A "Thorough" Review of the Virginia Tech Massacre


John Wright


What a presumptuous article title! The murders are less than three days old as of this writing. Who but a puffed up total egotist would presume adequate knowledge to write about what happened or why? The only one who really knows all the answers is dead. Essential detailed information, or, evidence, has yet to be gathered or processed for our consumption by law enforcement, college officials, news media, politicians, church leaders and other presumed leaders of the common folk. How dare I usurp their privilege and talk with you about my view of reality? How dare I presume to offer understanding when I wasn’t even aware of the existence of Cho Seung-Hui until the media identified him by name only yesterday?

Let’s try a simple bit of formal logic for a starter … "Things equal to the same things are equal to each other." Or perhaps I should create a syllogism. Or not. What about poor people feeling dishonored in the presence of wealthy people who they associate with their poverty and their diminished sense of value, rightly or wrongly, and then acting out to correct or punish their perceived source of injustice? But why bother? The compound sentence provided is kind of a catchall for thousands of acts of violence committed every day around the world. We each have some limit of perceived received abuse that we can take, after which we go ballistic or commit suicide or go on a calculated rampage like Cho Seung-Hui.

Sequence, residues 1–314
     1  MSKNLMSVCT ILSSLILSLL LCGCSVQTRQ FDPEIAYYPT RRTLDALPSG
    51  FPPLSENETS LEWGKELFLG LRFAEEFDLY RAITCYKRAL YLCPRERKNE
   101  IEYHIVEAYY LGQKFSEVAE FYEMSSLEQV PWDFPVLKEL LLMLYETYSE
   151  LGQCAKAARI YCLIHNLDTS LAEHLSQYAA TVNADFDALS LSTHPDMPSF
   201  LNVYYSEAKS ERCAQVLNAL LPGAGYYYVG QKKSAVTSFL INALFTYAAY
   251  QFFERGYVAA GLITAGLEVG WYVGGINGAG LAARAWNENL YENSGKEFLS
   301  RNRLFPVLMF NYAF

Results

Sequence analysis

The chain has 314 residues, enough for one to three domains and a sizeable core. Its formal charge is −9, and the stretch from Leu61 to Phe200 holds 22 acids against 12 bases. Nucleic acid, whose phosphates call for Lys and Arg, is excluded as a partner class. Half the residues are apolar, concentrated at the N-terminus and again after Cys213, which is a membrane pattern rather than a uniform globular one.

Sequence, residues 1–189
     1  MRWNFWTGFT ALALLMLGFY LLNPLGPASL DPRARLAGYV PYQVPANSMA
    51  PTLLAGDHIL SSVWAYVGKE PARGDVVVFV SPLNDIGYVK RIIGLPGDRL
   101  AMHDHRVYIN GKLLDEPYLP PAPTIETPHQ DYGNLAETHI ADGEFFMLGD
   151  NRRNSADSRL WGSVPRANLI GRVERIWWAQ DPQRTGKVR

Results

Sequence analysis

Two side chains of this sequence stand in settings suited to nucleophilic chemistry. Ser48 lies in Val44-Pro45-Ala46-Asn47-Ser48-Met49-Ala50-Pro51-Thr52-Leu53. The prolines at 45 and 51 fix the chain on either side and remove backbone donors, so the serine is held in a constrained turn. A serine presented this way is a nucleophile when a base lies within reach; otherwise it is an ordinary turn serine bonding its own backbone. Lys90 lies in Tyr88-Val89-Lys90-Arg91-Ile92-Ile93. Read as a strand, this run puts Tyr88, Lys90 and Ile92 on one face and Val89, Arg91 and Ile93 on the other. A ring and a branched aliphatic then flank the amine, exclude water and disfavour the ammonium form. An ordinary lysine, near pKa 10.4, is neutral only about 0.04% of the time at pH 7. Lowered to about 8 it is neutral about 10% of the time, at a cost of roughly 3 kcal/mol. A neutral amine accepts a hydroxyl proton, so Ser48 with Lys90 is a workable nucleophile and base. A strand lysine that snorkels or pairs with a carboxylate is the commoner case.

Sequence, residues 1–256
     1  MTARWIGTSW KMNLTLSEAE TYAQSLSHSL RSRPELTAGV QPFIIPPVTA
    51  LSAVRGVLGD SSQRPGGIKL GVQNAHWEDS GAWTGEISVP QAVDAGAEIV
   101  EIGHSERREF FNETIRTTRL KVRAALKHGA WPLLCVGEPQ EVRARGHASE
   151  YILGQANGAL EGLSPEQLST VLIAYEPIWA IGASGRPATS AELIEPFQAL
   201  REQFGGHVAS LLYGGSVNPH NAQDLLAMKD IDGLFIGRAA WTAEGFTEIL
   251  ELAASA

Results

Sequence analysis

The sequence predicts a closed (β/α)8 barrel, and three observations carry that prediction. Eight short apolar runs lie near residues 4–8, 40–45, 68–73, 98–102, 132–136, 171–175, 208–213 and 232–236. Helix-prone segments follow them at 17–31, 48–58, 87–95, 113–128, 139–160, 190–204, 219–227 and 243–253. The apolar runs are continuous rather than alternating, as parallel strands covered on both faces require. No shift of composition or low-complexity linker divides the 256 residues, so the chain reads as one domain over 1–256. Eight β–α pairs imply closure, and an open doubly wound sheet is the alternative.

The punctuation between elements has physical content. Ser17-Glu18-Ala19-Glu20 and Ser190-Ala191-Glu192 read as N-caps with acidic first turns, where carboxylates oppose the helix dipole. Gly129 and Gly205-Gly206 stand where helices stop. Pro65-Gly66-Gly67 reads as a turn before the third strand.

We have seen Cho’s behavior in the news daily now for four years each time we read about killings in Iraq. Putting uniforms on people and giving them guns or giving the opposition a militant religion as a justification for violence is a typical precursor for senseless mass violence. Except that it isn’t without reason or explanation, so it is senseless only to those who are not part of the planning/action, i.e. the real victims. This suggests that any perceived conditions or events that undermine the wellbeing of the individual can ultimately result in violence, in the same manner as the real reasons the "terrorists" attack our troops. The military killers could all be named Kil Him-Nau, which is like a command to a mindless robot.

So now it is fair to address the question of morals and values that, regardless of source, tell us that murder of any form is wrong. When nations declare war they give their soldiers permission to suspend essentially all morality regarding murder of strangers. Individuals are presumed not to have that right regarding their own grievances and subsequent behavior. Why not? Is it that government decisions are by definition justifiable due to the role of government in assuring our security and, hopefully our wellbeing? And the role of the individual is … let me guess … to follow the rule of law?! That sounds pretty good if it works to the overall benefit of the society. Does it? When? Under what conditions has it worked in the past? What destroys the obeying of the laws?